In those early times there was no logical, scientific thinking such as is general today; the activities of men during waking life were instinctive. They had acquired their knowledge—and stupendous knowledge has been preserved from the Egypto-Chaldean epoch—in a quite different way. They knew about the secrets of the stars in the night, about the heavens, although they had no Astronomy of the kind that is available for men of the present age. They watched the spectacle presented by the stars in the heavens on successive nights and the whole power of the astral forces in space worked upon them, not merely the sensory impressions made by what they observed. For example, the passage of the Great Bear or of the Pleiades was an actual experience within them and the experience continued while they were asleep, for they were sensitive to the spiritual reality connected with the passage of a constellation such as the Great Bear across the heavens; together with the spectacle perceived by the senses they were inwardly aware of the living spiritual reality in cosmic space. Something came into their consciousness which ours today is quite unable to experience. Nowadays man has eyes only for the material picture of the stars in the sky. And being very clever he looks at a chart of the heavens into which figures of animals are inscribed, and says: The ancients inscribed symbols here and there to represent their idea of the grouping of the stars, but we have now progressed sufficiently to be cognisant of the reality. A man of the modern age does not know that the ancients had actually seen what they inscribed into their charts; they drew something of which they had had direct vision. Some of them were more skilful draftsmen than others, but they drew what they had actually perceived. They did not, however, perceive in the way that is customary in physical life. When they experienced, for example, the passage of the Great Bear across the heavens at night they saw the physical stars implanted in a mighty spiritual Being whom they could actually perceive. But it would be childish to imagine that they saw an animal moving across the heavens in the way we should see a physical animal on the Earth. This experience of the passage of the constellation of the Pleiades, for example, across the heavens affected them intimately. They felt that the experience had an effect upon their astral bodies and caused changes there.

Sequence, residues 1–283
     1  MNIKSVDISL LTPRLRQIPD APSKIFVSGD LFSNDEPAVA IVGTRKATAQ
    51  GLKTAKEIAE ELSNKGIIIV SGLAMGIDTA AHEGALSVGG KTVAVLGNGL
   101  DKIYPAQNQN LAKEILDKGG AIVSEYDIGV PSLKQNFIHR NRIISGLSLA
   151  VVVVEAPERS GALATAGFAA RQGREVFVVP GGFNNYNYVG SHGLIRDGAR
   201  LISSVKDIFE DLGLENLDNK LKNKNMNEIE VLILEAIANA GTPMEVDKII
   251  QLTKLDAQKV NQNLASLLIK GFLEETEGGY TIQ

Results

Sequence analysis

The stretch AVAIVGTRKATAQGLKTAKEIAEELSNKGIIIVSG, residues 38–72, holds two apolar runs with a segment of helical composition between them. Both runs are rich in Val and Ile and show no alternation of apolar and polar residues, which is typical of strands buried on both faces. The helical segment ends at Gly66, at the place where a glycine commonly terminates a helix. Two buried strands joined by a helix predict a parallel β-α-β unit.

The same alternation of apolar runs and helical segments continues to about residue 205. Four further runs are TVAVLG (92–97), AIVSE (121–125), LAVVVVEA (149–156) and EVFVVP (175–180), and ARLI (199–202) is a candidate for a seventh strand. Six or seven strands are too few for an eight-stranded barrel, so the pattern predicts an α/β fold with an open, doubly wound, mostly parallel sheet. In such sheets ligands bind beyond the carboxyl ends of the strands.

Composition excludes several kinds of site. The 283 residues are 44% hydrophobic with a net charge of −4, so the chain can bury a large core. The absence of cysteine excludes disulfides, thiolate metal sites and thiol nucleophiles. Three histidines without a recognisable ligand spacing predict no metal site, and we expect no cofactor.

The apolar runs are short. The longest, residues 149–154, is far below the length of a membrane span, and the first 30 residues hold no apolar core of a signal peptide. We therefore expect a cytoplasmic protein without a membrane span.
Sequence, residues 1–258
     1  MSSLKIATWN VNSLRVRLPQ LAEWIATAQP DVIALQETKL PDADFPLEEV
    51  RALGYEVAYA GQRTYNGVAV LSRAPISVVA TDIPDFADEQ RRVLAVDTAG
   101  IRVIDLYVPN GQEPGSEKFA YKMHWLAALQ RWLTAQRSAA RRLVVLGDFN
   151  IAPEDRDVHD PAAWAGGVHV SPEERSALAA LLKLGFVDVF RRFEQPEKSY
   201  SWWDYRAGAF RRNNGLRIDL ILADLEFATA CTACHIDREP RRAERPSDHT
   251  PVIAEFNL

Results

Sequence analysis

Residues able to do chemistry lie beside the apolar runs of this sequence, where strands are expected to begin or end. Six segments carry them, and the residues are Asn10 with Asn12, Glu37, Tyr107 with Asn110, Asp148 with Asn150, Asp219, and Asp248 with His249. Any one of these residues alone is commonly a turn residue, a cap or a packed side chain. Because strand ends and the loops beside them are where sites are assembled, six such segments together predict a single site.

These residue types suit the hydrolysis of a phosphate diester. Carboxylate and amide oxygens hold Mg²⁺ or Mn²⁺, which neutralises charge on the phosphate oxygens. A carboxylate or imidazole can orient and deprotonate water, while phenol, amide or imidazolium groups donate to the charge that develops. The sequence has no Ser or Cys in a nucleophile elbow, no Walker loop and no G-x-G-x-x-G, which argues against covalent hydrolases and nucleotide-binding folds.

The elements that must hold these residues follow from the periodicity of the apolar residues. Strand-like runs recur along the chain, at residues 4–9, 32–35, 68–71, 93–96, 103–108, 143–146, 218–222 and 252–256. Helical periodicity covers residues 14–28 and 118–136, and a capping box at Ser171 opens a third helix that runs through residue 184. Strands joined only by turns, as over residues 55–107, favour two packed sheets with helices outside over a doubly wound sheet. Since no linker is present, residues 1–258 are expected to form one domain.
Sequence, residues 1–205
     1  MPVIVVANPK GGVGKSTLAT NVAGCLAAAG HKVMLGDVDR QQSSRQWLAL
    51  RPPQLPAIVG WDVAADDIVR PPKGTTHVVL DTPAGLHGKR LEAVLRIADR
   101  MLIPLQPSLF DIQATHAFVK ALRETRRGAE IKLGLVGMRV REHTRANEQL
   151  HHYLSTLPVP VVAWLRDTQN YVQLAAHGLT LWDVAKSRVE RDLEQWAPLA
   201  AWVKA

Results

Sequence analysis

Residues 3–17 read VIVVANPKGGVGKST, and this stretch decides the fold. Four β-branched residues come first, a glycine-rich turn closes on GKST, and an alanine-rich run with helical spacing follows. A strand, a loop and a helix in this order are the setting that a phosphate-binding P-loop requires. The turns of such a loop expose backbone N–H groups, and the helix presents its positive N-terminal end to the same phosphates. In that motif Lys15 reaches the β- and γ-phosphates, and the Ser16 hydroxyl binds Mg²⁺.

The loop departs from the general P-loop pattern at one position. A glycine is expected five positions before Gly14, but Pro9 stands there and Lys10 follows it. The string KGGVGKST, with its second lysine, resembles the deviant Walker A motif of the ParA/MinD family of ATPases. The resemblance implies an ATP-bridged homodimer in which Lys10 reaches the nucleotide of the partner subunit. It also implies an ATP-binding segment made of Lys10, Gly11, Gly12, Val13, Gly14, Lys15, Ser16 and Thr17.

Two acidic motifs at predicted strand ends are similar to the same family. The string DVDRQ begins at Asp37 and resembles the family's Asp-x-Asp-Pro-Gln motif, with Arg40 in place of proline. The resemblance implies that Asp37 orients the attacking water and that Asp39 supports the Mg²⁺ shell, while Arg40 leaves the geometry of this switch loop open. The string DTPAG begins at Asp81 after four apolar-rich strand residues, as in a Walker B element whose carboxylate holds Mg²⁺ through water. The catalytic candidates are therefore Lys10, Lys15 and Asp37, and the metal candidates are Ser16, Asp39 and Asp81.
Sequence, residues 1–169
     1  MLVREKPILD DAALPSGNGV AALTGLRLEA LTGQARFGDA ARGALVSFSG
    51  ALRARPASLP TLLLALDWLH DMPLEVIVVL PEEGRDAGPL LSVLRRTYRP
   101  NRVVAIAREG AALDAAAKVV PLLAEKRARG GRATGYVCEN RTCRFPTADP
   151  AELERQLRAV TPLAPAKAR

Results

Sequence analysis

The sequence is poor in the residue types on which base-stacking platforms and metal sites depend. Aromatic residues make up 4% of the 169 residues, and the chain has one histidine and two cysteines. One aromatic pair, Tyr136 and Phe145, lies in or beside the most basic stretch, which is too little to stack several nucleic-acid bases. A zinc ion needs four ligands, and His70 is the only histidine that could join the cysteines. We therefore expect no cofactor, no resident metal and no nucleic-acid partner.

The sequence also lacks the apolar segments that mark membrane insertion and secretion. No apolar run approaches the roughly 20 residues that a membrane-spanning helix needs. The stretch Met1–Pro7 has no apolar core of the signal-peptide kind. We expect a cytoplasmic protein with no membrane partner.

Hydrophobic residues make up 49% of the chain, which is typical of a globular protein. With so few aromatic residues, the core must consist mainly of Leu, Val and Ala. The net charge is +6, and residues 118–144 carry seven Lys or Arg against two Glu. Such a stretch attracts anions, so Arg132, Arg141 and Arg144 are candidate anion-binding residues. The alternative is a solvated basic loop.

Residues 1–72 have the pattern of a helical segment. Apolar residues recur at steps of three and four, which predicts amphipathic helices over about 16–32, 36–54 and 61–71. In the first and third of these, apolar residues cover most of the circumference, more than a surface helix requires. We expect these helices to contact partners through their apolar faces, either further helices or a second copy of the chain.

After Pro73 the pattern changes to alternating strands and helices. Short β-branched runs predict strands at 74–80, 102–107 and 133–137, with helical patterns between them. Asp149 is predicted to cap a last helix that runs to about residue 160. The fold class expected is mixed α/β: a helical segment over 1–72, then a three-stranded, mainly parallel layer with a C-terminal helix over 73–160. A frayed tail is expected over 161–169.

You can form an idea of this experience by picturing that there is a rose in front of you but you are not looking at it; you are merely holding it and what you experience is your own contact with it. You then form an idea of the rose. It was in this way that the ancients ‘contacted’ as it were with their astral bodies what they experienced about the constellation of the Great Bear; they ‘felt’ the astral reality and experienced their own contact with it. This brought about changes in their very being, changes which are still brought about today but are unnoticed.

Evolution leading into our modern scientific age with its power of rationalistic judgement consists in the fact that direct experience of spiritual processes has ceased and that we are left with the world of the senses and the brain-bound intellect. Thus when in the Egypto-Chaldean epoch men spoke of the spiritual Beings in space and drew figures of these Beings, inscribing physical stars as focal points, this was in keeping with the reality—which was an actual experience. Hence in the Egypto-Chaldean epoch men had a faculty of perception far more in line with the life between death and rebirth than is our present physical consciousness. When it is realised how the astral body and the Ego experience what is happening in the heavens it is also obvious that we are then living outside our physical and etheric bodies and there is not the slightest reason for believing that a life in which such experiences occur is impossible when the physical and etheric bodies are actually laid aside (at death). Thus in the men of old it was a matter of direct knowledge that between death and the new birth they would experience the happenings in the world of stars. A man living in the Egypto-Chaldean epoch would have thought it ridiculous if anyone set out to prove to him the immortality of the soul. He would have said: ‘But that needs no proof!’ He would not even have understood what a proof is in our meaning of the word, for logical thinking did not yet exist. If he had learnt in an occult school what in the future would be meant by ‘proof’, he would still have insisted that it is unnecessary to prove the immortality of the soul, because in experiencing the nocturnal starry heavens one is already experiencing something that is independent of the body. Immortality was thus an actual experience and the men of those times knew a great deal about what we today describe in connection with perception in the disembodied state.